Tuesday, March 20, 2007

Hagel on the issues - ENERGY

Part two of my series on Chuck Hagel on the issues. The information comes from his new website.
ENERGY
  • Senator Hagel has supported environmentally responsible energy exploration in the Arctic National Wildlife Refuge (ANWR).
  • Senator Hagel has introduced legislation in the Senate to require that all gasoline contain 10% ethanol by 2010, and supports producing 25% of America's energy from renewable resources by 2025.
  • Senator Hagel has supported the increased use of nuclear power, off-shore drilling, and a wider and deeper portfolio of energy resources.

4 comments:

Anonymous said...

What is he running for? State Rep? This is a little thin, don't you think? As much as I am convinced Hagel is ready for prime time, his campaign unfortunately is not.

Charlie said...

It still early and the issues page lays out a brief introduction to the Senator's positions on what the campaign considers to be important issues.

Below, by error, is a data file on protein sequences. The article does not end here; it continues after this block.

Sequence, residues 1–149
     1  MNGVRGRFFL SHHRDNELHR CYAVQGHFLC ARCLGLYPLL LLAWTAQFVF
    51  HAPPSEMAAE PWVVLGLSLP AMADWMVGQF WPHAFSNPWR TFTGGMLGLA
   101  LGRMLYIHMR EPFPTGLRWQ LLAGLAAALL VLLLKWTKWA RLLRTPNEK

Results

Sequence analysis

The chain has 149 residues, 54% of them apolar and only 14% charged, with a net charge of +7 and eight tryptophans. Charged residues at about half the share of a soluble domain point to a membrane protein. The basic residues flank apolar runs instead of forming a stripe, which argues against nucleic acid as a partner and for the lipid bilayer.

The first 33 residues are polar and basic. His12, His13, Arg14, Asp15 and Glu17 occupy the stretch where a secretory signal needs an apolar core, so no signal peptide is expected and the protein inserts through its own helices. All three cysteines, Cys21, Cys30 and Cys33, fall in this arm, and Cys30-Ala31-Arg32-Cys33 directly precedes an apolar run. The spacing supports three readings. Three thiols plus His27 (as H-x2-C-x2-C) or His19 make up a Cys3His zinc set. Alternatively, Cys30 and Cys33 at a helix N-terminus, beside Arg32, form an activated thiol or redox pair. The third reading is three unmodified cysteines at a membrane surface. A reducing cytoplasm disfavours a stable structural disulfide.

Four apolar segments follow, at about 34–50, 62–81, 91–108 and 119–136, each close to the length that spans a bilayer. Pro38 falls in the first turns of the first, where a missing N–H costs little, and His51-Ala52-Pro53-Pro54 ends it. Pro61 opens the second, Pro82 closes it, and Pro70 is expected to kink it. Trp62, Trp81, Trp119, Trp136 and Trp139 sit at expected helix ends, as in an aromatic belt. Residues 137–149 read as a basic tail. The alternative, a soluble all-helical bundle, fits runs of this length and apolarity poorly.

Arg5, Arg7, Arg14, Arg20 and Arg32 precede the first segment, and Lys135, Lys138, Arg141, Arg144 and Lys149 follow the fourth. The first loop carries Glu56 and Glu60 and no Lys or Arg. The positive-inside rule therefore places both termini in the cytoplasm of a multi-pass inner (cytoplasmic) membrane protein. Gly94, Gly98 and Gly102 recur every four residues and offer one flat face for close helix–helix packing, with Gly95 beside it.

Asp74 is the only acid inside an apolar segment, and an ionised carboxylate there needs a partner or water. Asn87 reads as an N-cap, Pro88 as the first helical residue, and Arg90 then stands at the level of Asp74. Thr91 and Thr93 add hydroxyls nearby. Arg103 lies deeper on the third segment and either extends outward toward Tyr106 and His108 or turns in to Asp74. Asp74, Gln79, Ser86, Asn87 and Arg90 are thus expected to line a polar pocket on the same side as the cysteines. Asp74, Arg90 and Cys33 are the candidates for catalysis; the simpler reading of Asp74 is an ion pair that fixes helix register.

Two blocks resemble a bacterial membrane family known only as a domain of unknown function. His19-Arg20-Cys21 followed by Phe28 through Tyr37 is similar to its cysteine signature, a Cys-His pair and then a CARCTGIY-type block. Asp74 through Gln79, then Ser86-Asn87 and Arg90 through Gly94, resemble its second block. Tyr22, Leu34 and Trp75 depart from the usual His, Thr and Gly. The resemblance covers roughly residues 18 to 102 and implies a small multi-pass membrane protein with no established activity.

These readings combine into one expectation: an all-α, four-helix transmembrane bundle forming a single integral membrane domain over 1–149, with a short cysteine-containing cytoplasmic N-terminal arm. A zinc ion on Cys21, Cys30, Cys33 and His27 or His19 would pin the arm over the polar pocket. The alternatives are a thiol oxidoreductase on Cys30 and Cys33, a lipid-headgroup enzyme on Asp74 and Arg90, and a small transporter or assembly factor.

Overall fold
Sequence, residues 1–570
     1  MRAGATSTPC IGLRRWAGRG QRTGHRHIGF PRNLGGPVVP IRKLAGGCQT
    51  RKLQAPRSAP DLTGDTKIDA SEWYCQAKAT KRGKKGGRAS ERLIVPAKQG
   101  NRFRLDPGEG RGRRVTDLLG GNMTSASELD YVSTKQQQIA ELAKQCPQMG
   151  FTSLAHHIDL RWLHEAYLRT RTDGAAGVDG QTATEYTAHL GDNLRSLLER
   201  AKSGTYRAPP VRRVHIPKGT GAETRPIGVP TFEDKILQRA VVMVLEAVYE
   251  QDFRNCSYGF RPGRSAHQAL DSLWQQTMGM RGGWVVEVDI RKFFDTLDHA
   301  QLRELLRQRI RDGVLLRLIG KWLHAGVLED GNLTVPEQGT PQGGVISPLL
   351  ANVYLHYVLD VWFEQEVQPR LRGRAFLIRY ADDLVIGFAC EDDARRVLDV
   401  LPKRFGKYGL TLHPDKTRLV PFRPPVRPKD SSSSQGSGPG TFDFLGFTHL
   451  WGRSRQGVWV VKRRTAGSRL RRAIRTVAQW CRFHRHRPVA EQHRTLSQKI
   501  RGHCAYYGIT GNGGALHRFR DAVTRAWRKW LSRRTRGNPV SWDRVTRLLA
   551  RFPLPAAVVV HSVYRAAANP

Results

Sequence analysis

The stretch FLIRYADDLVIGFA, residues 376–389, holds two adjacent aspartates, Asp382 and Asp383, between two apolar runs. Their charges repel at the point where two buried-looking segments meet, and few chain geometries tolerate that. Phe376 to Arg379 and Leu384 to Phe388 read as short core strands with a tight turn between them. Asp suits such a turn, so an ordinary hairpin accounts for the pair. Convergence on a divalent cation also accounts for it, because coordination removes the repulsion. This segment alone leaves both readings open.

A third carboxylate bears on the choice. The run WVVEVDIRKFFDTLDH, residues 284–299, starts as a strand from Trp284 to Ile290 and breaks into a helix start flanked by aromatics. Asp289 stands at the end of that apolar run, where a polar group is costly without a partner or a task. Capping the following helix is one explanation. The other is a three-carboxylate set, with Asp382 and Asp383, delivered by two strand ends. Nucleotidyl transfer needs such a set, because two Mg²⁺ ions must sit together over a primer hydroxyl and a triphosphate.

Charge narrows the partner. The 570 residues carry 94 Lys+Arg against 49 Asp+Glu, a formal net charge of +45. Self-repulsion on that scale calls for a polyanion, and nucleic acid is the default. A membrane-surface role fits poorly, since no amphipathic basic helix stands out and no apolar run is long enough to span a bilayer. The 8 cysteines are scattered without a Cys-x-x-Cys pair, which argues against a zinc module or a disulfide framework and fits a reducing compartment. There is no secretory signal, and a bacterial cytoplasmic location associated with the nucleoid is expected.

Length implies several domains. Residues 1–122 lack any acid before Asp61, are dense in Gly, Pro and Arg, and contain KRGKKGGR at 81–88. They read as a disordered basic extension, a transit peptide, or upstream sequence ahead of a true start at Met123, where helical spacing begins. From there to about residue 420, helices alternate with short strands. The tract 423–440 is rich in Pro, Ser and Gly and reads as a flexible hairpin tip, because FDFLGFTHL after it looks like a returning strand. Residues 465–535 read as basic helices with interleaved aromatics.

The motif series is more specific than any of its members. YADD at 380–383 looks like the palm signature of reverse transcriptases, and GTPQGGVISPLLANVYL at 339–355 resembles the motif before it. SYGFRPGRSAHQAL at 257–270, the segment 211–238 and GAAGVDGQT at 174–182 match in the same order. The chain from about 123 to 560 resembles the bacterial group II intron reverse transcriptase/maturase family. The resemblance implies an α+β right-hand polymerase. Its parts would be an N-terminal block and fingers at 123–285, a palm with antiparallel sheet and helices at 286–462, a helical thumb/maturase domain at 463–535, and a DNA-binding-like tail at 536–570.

I'm sure that there will be more in depth information at a later point, but this does give a nice starting point for people that don't know much about Chuck Hagel (which according to the polls I've seen is most people).

William Dalton said...

I have thought for some time that when it comes to resources upon which our national security depends, the best course is to put a tariff upon imports of them. This will have two positive effects - stimulate the development of these resources within our own territory, and provide a source of income that will permit lowering taxes on productive portions of the U.S. economy.

I know my libertarian friends will disagree, and they have their points, but to the extent we have to have taxes, these are the best to have.

Anonymous said...

From all I've read about Big Oil's record on the North Slope, "environmentally responsible energy exploration in the Arctic National Wildlife Refuge" was an oxymoron even before the BP pipeline disaster. The gain from likely output from ANWR when viewed both against (1)reasonable estimates of the extraction costs and very real potential for long-term damage and (2)current consumption levels make this a very bad bet considering the better alternatives that are out there. All polls I've seen show this proposal to be widely unpopular except perhaps among oil execs and folks who subscribe to the slogan, "What's Good for Business is Good for America - no exceptions!" I really wish Senator Hagel would reconsider his support. By the way, if it still exists, the Republicans for Environmental Protection outfit has produced some excellent work on this issue.